Discussion and Decision
 Abran raises two arguments on appeal: (1) the evidence was insufficient to support the revocation of his probation; and (2) the trial court erred in ordering him to execute his previously suspended sentence. In reviewing Abran's claims, we are guided by several well-settled principles.
 “Probation is a matter of grace left to trial court discretion, not a right to which a criminal defendant is entitled.” Prewitt v. State, 878 N.E.2d 184, 188 (Ind. 2007). Indeed, the court determines the conditions of probation and may revoke probation if those conditions are violated. Id.; see also Ind. Code § 35-38-2-3(a). When the State alleges a defendant has violated probation, the trial court holds a revocation hearing where the State must prove the violation by a preponderance of the evidence. Lightcap v. State, 863 N.E.2d 907, 911 (Ind. Ct. App. 2007). When the court determines that the State met its burden, we will affirm that decision on appeal if it is supported by substantial evidence of probative value. Id. After determining a defendant has violated probation, the court has several options in deciding how to proceed, including revoking probation and ordering the execution of the defendant's previously suspended sentence. See I.C. § 35-38-2-3(h). We review a court's sentencing decision on probation violations for an abuse of discretion. Prewitt, 878 N.E.2d at 188.
 With these principles in hand, we address Abran's claims in turn.
I. Sufficient evidence supported revocation of Abran's probation.
 Abran first contends that there was not sufficient evidence to support the revocation of his probation. Though he acknowledges the failed drug test, Abran maintains that testimony at the revocation hearing revealed that his girlfriend Laura “regularly fed him brownies laced with [m]ethamphetamine,” and he “was unaware she was doing this.” Appellant's Br. at 7. Abran therefore contends “[t]here is no competent evidence that [he] knowingly used illegal drugs.” Id. We disagree.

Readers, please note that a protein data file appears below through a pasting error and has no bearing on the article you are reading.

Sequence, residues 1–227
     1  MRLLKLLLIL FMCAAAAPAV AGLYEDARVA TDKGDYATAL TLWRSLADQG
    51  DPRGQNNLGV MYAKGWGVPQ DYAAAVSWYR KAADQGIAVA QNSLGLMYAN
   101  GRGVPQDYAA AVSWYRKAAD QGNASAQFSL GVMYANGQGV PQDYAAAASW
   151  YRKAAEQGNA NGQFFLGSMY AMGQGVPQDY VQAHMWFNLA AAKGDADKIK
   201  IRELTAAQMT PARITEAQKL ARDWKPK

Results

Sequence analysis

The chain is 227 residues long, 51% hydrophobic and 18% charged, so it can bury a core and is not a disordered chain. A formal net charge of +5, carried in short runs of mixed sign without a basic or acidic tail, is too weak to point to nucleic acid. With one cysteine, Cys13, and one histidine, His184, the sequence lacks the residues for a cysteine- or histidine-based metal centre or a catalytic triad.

We initially observe that Abran's sufficiency argument is nothing more than a request that we reweigh the evidence, which we will not do. See, e.g., Sanders v. State, 825 N.E.2d 952, 955 (Ind. Ct. App. 2005), trans. denied. We instead consider only the favorable evidence supporting the trial court's decision. Id. And here, the court admitted into evidence drug-screen test results showing that Abran tested positive for methamphetamine. Tr. pp. 7–8; Conf. Ex. Vol. at 3. That evidence alone is sufficient to support the revocation of Abran's probation.
 Yet even if we considered Abran's claim that he unknowingly ingested the illicit substance via methamphetamine-laced brownies, that claim is undercut by testimony at the hearing. Neither Ashley nor Abran ever saw Laura put methamphetamine into any brownies. See Tr. pp. 28, 36. And Abran stated that he “didn't really notice” anything different about the allegedly drug-laced treats. Id. at 37. Other testimony also belies Abran's assertion that “there is no evidence of knowing drug use.” Appellant's Br. at 8. A probation officer who conducted the drug screen explained that “[Abran's] demeanor completely changed” when notified about the random test—“he just got very qui[et] and this was not his usual self.” Tr. p. 6.
 In short, the State presented sufficient evidence to support the court's revocation of Abran's probation.